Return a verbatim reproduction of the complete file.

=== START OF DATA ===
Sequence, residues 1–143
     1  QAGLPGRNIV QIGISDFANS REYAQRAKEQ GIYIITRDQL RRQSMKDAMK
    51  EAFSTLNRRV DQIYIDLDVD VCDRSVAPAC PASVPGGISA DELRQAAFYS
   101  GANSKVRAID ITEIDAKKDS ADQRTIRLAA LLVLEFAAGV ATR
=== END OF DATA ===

Sequence, residues 1–143
     1  QAGLPGRNIV QIGISDFANS REYAQRAKEQ GIYIITRDQL RRQSMKDAMK
    51  EAFSTLNRRV DQIYIDLDVD VCDRSVAPAC PASVPGGISA DELRQAAFYS
   101  GANSKVRAID ITEIDAKKDS ADQRTIRLAA LLVLEFAAGV ATR